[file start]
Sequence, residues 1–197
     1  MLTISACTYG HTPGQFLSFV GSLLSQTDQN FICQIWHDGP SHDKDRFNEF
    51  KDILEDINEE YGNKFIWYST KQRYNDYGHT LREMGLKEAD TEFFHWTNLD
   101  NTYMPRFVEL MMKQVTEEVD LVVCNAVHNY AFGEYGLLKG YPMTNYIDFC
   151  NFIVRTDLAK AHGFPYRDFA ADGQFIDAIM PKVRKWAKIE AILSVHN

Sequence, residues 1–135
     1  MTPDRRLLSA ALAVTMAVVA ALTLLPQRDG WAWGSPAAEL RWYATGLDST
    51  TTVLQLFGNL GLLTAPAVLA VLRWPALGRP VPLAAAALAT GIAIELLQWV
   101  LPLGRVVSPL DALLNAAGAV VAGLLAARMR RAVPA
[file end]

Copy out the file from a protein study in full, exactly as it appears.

Sequence, residues 1–197
     1  MLTISACTYG HTPGQFLSFV GSLLSQTDQN FICQIWHDGP SHDKDRFNEF
    51  KDILEDINEE YGNKFIWYST KQRYNDYGHT LREMGLKEAD TEFFHWTNLD
   101  NTYMPRFVEL MMKQVTEEVD LVVCNAVHNY AFGEYGLLKG YPMTNYIDFC
   151  NFIVRTDLAK AHGFPYRDFA ADGQFIDAIM PKVRKWAKIE AILSVHN

Sequence, residues 1–135
     1  MTPDRRLLSA ALAVTMAVVA ALTLLPQRDG WAWGSPAAEL RWYATGLDST
    51  TTVLQLFGNL GLLTAPAVLA VLRWPALGRP VPLAAAALAT GIAIELLQWV
   101  LPLGRVVSPL DALLNAAGAV VAGLLAARMR RAVPA